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Byline: Andrew Greenhalgh

Nadine Shah - Love Your Dum and Mad IT IS impossible to listen to Nadine Shah, a young woman from the North East, without thinking of Nick Cave and PJ Harvey; but to label her a copyist would be to drop a clanger of the highest possible order.

Love Your Dum and Mad is the unveiling of a major new talent - albeit a talent which takes some time to reveal itself.

On first listen, the whole album sounds claustrophobic, dark and lacking in melody - but after two or three plays it's a whole different story.

With its rumbling bass and menacing air, opener Aching Bones is possibly the album's perfectly realised Harvey/Cave moment, but it's far from being a highpoint.

Floating is a breathtaking expression of anger and frustration which doesn't resort to the overused technique of breakneck pace in order to convey its message. Instead, its slow pace puts across weariness and frustration far better than any 100mph screamer ever could.

All I Want, in which Ms Shah comes on like some sultry chanteuse, breathes the same rarefied air, while the hauntingly melodic Used It All completes a central trilogy of perfect tunes in a tremendous debut.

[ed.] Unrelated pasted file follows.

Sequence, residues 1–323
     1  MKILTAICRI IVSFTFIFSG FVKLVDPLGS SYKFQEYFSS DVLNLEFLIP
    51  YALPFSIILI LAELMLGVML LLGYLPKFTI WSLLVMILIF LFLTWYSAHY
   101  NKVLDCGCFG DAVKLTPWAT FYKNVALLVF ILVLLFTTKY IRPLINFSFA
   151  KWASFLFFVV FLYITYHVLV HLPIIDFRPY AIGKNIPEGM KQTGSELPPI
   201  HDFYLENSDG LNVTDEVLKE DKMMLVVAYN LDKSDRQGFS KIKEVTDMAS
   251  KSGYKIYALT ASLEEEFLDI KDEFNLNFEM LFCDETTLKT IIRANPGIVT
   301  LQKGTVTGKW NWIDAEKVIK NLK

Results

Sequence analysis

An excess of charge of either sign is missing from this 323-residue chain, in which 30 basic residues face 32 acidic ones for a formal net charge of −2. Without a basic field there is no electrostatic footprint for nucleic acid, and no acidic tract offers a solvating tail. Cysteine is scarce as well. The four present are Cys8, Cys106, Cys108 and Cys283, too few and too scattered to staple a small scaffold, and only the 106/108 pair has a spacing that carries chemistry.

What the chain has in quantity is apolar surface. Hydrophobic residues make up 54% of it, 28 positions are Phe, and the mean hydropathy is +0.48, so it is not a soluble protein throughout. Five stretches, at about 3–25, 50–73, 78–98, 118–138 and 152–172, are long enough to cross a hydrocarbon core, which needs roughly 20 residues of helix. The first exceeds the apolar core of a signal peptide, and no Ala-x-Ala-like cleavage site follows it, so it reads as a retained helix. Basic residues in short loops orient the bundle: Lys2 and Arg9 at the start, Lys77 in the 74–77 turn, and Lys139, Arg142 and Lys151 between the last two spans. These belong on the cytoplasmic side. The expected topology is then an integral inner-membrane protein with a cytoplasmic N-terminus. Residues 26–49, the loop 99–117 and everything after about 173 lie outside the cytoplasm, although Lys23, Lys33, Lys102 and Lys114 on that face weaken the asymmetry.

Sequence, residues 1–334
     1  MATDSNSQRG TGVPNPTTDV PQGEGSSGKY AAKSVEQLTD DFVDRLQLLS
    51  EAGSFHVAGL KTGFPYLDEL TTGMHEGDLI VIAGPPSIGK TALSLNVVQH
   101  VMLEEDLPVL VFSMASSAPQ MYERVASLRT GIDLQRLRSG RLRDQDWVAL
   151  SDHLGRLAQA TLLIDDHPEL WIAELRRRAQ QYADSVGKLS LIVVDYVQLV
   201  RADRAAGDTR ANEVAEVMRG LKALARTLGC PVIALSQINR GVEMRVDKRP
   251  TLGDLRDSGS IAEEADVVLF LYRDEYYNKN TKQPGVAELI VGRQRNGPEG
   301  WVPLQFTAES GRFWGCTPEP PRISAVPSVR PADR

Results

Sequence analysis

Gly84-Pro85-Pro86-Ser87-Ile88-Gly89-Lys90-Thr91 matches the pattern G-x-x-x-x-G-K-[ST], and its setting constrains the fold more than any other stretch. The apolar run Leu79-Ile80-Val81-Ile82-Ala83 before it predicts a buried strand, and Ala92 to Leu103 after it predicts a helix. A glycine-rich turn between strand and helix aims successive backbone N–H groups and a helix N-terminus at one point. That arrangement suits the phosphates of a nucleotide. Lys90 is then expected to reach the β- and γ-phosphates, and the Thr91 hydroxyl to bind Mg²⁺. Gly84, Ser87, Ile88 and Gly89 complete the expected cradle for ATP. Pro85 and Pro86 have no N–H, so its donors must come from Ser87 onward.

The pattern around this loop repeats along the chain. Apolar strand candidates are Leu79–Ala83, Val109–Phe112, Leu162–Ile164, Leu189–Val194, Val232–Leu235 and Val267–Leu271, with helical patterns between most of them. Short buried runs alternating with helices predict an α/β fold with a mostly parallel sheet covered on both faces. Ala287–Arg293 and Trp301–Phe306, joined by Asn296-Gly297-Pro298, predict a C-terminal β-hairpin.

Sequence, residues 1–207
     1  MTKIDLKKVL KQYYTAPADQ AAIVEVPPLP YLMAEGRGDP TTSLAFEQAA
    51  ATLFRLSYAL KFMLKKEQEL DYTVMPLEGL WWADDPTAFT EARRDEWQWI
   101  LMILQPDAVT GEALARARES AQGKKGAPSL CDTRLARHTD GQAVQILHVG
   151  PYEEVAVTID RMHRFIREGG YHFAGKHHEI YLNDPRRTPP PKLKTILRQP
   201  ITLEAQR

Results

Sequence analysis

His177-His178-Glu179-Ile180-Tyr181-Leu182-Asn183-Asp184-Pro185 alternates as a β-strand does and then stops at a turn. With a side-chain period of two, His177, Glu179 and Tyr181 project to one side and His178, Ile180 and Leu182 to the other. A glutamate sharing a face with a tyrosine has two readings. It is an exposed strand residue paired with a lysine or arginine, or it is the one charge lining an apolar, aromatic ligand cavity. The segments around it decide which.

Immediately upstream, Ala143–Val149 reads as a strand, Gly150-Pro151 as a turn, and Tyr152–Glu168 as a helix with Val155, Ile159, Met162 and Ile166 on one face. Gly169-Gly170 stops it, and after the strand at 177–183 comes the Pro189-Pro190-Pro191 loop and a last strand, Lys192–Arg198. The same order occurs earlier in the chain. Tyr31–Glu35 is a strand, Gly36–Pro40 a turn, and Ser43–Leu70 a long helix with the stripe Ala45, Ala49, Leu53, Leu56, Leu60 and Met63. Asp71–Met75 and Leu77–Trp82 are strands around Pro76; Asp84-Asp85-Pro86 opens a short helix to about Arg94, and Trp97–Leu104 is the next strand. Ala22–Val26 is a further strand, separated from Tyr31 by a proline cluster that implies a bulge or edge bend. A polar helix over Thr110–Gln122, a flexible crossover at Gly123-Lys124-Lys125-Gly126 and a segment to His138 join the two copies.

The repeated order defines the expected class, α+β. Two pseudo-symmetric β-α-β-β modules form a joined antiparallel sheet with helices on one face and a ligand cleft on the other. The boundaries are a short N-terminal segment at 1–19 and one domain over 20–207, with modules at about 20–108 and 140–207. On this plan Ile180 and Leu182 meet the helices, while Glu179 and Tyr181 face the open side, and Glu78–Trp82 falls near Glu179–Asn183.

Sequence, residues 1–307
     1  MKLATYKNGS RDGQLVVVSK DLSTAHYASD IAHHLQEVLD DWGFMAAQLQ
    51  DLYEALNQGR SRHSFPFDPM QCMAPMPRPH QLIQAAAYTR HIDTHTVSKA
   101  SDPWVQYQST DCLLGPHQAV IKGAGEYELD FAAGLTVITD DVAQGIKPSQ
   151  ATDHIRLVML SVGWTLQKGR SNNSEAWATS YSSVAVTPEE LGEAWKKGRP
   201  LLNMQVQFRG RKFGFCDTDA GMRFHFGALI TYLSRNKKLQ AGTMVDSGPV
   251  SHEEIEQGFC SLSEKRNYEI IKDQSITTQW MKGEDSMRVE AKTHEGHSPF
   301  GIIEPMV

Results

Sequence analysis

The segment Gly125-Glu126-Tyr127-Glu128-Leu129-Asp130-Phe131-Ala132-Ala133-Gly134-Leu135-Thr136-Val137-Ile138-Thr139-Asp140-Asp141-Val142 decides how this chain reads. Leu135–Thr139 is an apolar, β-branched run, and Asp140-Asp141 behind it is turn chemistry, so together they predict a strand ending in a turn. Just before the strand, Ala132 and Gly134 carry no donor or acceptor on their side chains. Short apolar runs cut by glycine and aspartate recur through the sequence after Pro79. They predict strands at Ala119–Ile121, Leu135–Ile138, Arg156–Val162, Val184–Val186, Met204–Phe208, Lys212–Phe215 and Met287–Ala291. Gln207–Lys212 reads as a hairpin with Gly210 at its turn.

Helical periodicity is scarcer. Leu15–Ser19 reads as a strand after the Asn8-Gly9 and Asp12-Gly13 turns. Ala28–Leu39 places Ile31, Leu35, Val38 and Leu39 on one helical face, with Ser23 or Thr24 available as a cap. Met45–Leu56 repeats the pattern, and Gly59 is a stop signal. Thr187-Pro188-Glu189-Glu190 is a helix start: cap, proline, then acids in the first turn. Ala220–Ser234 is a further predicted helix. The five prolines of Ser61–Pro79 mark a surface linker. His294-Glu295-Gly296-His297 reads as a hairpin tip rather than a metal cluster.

Rating: ?? Emily Barker and the Red Clay Halo - Dear River DEAR RIVER is a marvellous record. Whether it's country, bluegrass or Americana I can't say I'm entirely sure - but what I do know is that the whole LP is that much mocked and stupidly underestimated thing, an easy listen.

Australian Emily has a rare knack for insistently catchy melody (see Everywhen), tremendous balladeering (Letters) and her voice is by turns pure as the driven snow and capable of conveying real urgency (Tuesday). The whole thing sounds like a particularly good episode of Bob Harris' excellent Radio 2 country show. Don't miss it.

Rating: ?? David Lynch - The Big Dream AS A film-maker, David Lynch falls firmly into the "admired by many, loved by few" category and, on the evidence of The Big Dream, he is unlikely to break that mould as a musician.

There is some good stuff - single I'm Waiting Here, with Lykke Li on vocals, is gorgeous, the Swede perfectly complementing the track's twinkly pop groove and coming like a dose of honey after 12 tracks of Lynch's gravelly and treated tones.

Sun Can't Be Seen No More, with its crunchy guitar and poppy melody, is a highpoint, as is the cover of Bob Dylan's The Ballad of Hollis Brown, Dylan's ear for a tune lifting the track above the melodically average fare on offer elsewhere.

Lynch is not afraid to dip his toes into the genre pool - there are stabs at rockabilly, old school hip hop, Pet Shop Boys-like electro-pop and Protection-era Massive Attack - but the whole thing is cloaked in a space-age fog which makes pretty much every song sound the same.

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Title Annotation:Features
Publication:Western Mail (Cardiff, Wales)
Date:Jul 19, 2013
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